ORLEN ORLEN Group 2017
Integrated Report

Macroeconomic Environment


Oil companies operate in the sector of commodities − homogeneous products such as crude oil, fuels and petrochemical products, manufactured and sold by numerous producers worldwide.

A company supplying commodities is easily replaceable with another supplier offering the same commodity for a lower price, which significantly constrains individual suppliers’ ability to control prices. Consequently, both suppliers and buyers of commodities make transactions at prices driven by the supply and demand interaction on the market.

The key external factors with a bearing on oil companies’ decisions concerning production and growth and on their financial performance are current and future:

  • Quoted crude oil prices (USD).
  • Quoted prices of fuels (USD) and petrochemical products (USD and EUR).
  • USD and EUR exchange rates.

Price path projections take into account factors that reflect changes in both supply and demand:

  • The economic growth rate in OECD countries, where oil demand has been declining since 2005, and in non-OECD countries, where peak demand is yet to be seen; the changes in demand for crude oil and petroleum products are driven to a large extent by China and India.
  • Growth of global crude output in OPEC and non-OPEC countries.
  • OECD oil inventories and OPEC oil reserves.
  • Geopolitical risks.
  • Climate change and environmental degradation risks related to power generation and transport.

The frequency and status of information about these factors vary. Prices and the USD exchange rate, i.e. hard data, change continuously and are available in real time. The economic growth rate, measured by the GDP, is an estimate published quarterly and subject to frequent corrections. In contrast, information about actual and potential supply disruptions caused by geopolitical developments emerges unexpectedly and leads to instant price changes dictated by the anticipated ramifications of such developments. The effect of price changes on supply and demand is significantly delayed if lower or higher prices continue for several quarters.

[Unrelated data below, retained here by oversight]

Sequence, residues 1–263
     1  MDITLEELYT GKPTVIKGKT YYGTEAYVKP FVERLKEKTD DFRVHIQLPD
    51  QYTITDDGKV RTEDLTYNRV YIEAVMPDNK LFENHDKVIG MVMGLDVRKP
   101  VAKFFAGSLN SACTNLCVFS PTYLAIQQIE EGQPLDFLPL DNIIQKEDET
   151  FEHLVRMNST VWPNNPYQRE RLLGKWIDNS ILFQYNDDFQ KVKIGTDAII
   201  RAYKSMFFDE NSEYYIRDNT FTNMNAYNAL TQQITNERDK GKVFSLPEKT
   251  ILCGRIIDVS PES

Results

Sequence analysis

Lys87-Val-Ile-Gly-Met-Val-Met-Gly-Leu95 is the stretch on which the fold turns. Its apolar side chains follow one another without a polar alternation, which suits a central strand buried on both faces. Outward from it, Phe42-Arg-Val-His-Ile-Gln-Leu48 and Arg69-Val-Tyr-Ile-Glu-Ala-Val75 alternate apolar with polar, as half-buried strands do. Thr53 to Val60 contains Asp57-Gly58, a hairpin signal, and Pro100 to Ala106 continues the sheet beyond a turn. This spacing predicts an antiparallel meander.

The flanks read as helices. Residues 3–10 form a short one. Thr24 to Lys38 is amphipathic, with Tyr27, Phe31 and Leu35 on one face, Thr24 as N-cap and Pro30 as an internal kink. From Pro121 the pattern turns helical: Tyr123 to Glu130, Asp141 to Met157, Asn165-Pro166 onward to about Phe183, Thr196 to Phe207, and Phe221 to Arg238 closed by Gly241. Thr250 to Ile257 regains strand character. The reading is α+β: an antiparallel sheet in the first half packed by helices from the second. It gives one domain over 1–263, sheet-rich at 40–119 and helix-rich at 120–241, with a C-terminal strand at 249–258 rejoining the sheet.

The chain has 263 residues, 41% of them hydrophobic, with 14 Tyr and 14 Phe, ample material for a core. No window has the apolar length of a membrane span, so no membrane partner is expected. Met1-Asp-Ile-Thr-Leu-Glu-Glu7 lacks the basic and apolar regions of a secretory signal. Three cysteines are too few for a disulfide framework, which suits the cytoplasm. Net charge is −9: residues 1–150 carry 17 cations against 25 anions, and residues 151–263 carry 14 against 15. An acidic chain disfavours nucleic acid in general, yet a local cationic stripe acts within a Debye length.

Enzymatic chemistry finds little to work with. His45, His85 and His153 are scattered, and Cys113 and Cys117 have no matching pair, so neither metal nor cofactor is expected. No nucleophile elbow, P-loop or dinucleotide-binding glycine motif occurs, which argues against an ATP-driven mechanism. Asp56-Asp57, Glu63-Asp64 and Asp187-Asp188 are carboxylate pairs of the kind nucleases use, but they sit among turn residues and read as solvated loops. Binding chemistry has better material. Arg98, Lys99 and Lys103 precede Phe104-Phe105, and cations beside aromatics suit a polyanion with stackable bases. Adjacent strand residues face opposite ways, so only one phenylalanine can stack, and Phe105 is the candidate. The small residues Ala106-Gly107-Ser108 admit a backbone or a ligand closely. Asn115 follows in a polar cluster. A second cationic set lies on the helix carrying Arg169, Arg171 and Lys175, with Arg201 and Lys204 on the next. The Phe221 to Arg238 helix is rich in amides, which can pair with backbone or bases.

Since the time when in mid-2014 the oil market was affected by an oversupply which had gone unnoticed for a time, attention has been paid to the production structure. Among non-OPEC countries, the United States and Canada are characterised by a very short cycle of unconventional onshore oil production, a large number of oil producers, and the ability to make quick adjustments to production volumes in response to oil price changes. The strong interaction between the level of output from unconventional fields and oil price changes is attributable to the extremely short production cycle. The average time necessary to launch unconventional oil production is only 90 days vs. 3-5 years needed for the development of a shallow water oil deposit or 8 years for deep-water offshore oil production. This factor has also contributed to the fast-growing oil supply in non-OPEC countries.

Among the OPEC countries, Saudi Arabia stands out due to its immediately available significant production reserves and the control it has over the oil production policy of the cartel and the group of five countries: Saudi Arabia, Kuwait, Iraq, Iran, and United Arab Emirates, given its strong potential to produce oil at low cost.